One of the most interesting and influential of the post-Jack Kirby Marvel talents, Jim Starlin exploded onto the early-1970’s comics landscape with the impact of a hail of 50-megaton bombs. While the company struggled to find its creative footing in the wake of The King’s departure, Starlin came from out of nowhere to single-handedly define the genre of the “cosmic” saga, an epic story form that soon became one of Marvel’s stocks-in-trade. The genre had its antecedents in Kirby’s work on Fantastic Four and The Mighty Thor, as well as the famous Kree-Skrull War arc in The Avengers (written by Roy Thomas, with art by John Buscema, Neal Adams and Sal Buscema), but it was Starlin’s run on Captain Marvel and his later take on Warlock that truly gave the superhero space opera its sense of scale and grandeur, coupled with stunning artwork, devastating action and truly heady concepts.

When the opportunity arose for Starlin to express his vision of space opera with a creator-owned work, he came up with Dreadstar, the ongoing adventures of Vanth Dreadstar, a dour engine of destruction who witnessed the death of the Milky Way galaxy (consequently becoming its sole survivor) and wound up in another star system, only to find it under the twin thumbs of opposing evil galactic super-powers. Aided by a disparate crew comprised of individuals possessed of singular mystical, mental and other skills, Dreadstar waged a war rife with heavy drama and adult concerns and consequences lightyears removed from the spandex set-tos of his contemporaries on the comic book page.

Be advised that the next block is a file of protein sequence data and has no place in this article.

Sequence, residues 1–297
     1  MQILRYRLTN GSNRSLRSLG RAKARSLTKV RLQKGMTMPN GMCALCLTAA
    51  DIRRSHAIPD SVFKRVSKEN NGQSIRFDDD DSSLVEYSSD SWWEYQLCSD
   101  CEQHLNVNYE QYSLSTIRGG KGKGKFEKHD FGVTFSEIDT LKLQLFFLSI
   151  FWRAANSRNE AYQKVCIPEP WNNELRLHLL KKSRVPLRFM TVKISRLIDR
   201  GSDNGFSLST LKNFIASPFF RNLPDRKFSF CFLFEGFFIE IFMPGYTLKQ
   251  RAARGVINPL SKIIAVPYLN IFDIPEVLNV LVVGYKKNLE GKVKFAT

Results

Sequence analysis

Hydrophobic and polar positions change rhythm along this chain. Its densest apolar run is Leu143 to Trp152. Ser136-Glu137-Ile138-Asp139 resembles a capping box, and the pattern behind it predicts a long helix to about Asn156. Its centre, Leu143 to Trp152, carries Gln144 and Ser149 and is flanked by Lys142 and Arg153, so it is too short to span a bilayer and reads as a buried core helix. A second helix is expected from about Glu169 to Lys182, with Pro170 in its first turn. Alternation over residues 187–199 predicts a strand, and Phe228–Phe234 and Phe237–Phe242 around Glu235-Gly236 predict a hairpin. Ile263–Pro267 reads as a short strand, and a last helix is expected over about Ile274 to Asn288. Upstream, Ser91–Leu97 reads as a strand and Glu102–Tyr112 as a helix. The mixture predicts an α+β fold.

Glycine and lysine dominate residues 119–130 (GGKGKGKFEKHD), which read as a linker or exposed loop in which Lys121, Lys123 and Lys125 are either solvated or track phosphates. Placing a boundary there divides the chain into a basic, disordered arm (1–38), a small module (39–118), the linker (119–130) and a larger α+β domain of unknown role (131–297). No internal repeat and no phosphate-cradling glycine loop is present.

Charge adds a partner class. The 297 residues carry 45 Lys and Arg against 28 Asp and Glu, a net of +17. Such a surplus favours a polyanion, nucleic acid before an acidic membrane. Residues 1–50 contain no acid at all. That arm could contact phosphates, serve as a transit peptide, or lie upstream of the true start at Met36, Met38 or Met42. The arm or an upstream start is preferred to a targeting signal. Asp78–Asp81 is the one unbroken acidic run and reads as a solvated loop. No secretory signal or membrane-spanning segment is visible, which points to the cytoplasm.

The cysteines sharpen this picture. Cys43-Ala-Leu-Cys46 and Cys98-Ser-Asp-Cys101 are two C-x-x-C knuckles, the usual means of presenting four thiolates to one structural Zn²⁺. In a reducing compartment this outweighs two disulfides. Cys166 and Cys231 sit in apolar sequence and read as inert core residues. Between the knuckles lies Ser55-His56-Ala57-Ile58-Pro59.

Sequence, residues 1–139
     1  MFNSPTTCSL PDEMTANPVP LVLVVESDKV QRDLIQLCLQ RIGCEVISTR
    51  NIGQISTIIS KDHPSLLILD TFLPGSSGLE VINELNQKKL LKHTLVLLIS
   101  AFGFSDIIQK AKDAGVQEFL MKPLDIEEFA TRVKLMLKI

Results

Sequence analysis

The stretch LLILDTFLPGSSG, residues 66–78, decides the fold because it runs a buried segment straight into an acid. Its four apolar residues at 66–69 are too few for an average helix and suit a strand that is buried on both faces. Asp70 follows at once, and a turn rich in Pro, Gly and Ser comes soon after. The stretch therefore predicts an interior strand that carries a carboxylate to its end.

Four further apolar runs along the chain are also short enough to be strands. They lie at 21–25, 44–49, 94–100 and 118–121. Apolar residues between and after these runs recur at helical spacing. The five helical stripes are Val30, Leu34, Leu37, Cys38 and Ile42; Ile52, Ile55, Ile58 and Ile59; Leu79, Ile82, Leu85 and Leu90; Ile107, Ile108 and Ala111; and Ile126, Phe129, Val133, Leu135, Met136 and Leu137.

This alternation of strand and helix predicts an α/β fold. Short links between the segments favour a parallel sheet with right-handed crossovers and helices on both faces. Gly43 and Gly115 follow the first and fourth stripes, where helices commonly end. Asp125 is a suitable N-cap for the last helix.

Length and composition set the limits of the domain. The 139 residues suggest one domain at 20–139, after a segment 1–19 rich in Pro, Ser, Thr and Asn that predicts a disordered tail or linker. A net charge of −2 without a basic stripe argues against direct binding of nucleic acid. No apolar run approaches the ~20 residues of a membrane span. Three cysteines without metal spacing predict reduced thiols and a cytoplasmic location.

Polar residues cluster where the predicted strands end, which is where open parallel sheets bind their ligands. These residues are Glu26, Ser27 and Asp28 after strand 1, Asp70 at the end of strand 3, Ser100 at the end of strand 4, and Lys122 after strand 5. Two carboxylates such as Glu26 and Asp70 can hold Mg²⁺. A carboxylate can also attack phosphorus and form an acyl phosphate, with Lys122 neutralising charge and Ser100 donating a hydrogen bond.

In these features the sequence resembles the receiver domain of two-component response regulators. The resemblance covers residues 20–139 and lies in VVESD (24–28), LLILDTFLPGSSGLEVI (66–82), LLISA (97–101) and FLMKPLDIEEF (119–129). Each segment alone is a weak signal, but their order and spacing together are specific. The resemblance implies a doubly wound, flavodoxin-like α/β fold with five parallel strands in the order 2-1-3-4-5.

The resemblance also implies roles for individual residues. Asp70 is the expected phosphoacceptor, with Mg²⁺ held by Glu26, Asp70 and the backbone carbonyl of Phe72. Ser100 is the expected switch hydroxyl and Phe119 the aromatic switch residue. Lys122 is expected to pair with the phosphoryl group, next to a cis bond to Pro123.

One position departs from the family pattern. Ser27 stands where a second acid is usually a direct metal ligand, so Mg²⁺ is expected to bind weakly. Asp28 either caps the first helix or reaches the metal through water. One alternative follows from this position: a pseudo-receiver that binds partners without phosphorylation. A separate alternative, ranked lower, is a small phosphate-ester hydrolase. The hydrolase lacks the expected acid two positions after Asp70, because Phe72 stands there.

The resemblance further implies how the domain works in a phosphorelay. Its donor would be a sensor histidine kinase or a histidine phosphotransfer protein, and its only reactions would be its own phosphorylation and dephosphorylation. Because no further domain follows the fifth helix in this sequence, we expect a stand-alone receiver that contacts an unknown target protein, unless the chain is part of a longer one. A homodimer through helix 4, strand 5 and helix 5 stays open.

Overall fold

Dynamite Entertainment has begun reissuing Dreadstar in a library of handsome hardcover editions, appropriately launching with “The Beginning.” This inaugural volume contains the “Metamorphosis Odyssey” (the fourteen-chapter epic that introduced Vanth Dreadstar) and the graphic novels “The Price” and “Dreadstar,” from which the ongoing comics series spun off. Ripe for re-discovery, Dreadstar remains a very personal work that deserves another look, and following that goal, PW Comics Week had the chance to discuss the piece with its groundbreaking creator.

Publishers Weekly Comics Week: Your legendary runs on Captain Marvel and Warlock and later Dreadstar set the standard for what could be accomplished in a “cosmic” narrative, infusing the super-heroic action with a sense of epic scale and grandeur seldom seen before or since. What draws you to this area of Homeric space opera?

Jim Starlin: I was originally attracted to sprawling science fiction stories by the fact that spaceships are much more fun to draw than horses or cars. But once I got into the writing more, I found that these types of story settings gave me the option to go way beyond the usual superhero-fights-villain tales that are the mainstay of comics. Remove your characters from every day reality and a story about incest, religious intolerance or abuse of power avoids sounding preachy and takes a bit of the sting out of otherwise taboo subjects.

PWCW: Your work often examines the negative aspects of religion as opposed to spirituality. What fostered this point of view?